Compared to 25 years ago, every new house is more energy efficient, but green builders and architects take this further, designing and building houses that are some to vastly more energy efficient than ones built to a local building code standard. Green builders generally combine sophisticated technology, such as super efficient heating and air conditioning equipment, with ancient, low-tech strategies such as passive solar, which captures the sun’s warmth in winter and uses it to heat the house.

Embodied energy, a term frequently heard in the context of green building, has the vaguely familiar ring of high school physics, but, in fact, it refers to the total amount of energy expended in bringing a finished product to your building site. This calculation includes the energy used to mine, extract, cut or otherwise remove the raw material from its “habitat,” the energy used to transport the raw material to the manufacturing plant, the energy used to convert the raw material into the product, the energy to transport it to your building site, and the energy required to install it. Such a calculation will be only approximate, but clearly it’s greater for marble that is quarried in a remote Italian village and eventually ends up in your kitchen in Denver than it is for marble quarried in Pennsylvania. 

IAQ or Indoor air quality: Forty years ago, nobody worried about getting enough fresh air in his or her house. During the warm season, windows were open. During the colder months the windows were shut, but the occupants still enjoyed plenty of fresh air because it came in through numerous cracks and crevices in the building envelope. One air change an hour for the entire house was not unusual (in the course of one hour, all the air in the house was replaced).New houses today are much tighter. All those cracks and crevices have been plugged up to reduce the energy required for heating and cooling. A house may have as few as one-third air change an hour (it takes three hours instead of one to change the air in the entire house). To provide the occupants with sufficient fresh air, a mechanical means, such as one or two continuously running bathroom exhaust fans, should be installed, though this is not yet mandated by building codes.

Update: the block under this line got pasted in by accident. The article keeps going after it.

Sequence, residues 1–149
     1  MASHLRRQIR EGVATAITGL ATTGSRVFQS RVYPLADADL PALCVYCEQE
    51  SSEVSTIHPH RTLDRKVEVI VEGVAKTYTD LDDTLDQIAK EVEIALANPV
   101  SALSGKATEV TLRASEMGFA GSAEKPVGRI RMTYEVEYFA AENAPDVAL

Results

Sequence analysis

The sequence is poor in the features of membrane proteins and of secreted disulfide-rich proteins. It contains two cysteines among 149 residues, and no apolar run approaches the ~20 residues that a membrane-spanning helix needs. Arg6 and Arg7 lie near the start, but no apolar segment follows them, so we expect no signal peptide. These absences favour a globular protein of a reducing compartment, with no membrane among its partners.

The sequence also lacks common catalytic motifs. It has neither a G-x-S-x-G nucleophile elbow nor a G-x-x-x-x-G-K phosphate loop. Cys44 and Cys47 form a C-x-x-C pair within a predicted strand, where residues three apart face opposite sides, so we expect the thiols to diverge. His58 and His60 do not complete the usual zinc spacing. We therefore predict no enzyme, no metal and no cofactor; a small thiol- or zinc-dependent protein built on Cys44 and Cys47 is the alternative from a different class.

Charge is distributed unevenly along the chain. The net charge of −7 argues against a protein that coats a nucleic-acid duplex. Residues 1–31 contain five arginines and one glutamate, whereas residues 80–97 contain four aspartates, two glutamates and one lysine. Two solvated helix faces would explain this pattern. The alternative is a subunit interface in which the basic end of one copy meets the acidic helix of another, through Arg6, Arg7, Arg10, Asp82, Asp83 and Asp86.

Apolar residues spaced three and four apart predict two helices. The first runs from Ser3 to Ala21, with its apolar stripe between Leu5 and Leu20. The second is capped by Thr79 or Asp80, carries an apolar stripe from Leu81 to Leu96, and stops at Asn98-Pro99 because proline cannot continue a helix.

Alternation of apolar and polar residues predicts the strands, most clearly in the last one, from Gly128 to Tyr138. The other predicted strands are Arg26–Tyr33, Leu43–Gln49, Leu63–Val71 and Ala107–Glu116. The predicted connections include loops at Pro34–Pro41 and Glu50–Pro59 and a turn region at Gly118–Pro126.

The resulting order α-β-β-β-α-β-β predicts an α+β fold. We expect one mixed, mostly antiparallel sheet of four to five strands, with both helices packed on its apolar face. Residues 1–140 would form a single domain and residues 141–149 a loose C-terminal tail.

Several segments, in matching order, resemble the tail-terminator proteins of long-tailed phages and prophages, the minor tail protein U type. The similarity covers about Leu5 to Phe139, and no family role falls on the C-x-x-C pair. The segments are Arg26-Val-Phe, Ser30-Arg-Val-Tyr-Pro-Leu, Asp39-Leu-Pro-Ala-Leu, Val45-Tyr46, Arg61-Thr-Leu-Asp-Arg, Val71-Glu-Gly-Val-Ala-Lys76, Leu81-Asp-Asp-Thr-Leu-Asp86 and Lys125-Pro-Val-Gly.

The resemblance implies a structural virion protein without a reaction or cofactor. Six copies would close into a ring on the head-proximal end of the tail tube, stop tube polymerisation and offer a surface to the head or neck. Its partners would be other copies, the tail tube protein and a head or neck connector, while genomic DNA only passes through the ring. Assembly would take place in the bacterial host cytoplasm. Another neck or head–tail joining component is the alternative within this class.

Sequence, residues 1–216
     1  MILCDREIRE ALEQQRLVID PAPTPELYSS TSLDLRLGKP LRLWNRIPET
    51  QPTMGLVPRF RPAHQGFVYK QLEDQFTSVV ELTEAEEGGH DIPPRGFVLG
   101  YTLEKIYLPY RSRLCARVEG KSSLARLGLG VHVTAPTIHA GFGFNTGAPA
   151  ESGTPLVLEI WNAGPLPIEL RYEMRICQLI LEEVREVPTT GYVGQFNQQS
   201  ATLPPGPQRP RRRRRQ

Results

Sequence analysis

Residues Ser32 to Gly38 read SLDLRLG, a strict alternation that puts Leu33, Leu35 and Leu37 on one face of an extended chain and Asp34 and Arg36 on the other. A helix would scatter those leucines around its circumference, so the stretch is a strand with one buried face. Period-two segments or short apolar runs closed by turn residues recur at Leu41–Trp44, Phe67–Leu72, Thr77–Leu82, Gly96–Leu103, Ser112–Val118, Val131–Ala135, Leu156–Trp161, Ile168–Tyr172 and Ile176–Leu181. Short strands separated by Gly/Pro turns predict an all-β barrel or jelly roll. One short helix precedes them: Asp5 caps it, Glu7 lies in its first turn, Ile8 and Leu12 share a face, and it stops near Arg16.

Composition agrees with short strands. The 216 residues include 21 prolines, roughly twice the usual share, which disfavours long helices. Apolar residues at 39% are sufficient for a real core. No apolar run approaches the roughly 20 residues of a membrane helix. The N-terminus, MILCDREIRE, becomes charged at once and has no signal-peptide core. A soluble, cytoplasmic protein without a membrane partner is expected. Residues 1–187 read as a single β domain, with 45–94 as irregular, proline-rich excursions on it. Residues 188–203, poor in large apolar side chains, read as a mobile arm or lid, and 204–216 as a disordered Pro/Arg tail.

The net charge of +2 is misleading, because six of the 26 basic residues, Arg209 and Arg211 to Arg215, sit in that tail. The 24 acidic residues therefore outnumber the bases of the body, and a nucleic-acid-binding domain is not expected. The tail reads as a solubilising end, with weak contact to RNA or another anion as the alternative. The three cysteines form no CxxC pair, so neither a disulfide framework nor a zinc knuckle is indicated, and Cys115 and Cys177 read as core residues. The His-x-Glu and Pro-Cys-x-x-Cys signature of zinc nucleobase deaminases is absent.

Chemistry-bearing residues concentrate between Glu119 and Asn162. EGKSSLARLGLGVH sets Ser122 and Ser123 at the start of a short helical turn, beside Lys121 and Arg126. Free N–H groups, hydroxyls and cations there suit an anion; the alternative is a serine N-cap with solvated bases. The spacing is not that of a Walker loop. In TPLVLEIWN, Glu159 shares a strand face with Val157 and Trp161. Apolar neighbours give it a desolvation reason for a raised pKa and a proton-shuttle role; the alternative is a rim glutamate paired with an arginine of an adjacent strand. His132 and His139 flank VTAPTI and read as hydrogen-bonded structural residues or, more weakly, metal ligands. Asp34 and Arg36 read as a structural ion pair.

VOCs or Volatile Organic Compounds are used in the manufacture of the many synthetic materials used in conventional residential construction, and they can affect IAQ. The compounds are unstable, and for some period of time after the manufacturing process is completed, they give off gas from the finished materials. This phenomenon accounts for the “new house smell” commonly encountered when construction is completed and you’re ready to move in. The rate of off-gassing is very high initially. It gradually tapers off, though it can continue at a slow and steady pace for months or even years. Hundreds of compounds have been identified, but the one of greatest concern is formaldehyde, a potent eye and nose irritant and, for some individuals, a cause of respiratory problems. It has been classified as a probable human carcinogen by the U.S. Environmental Protection Agency.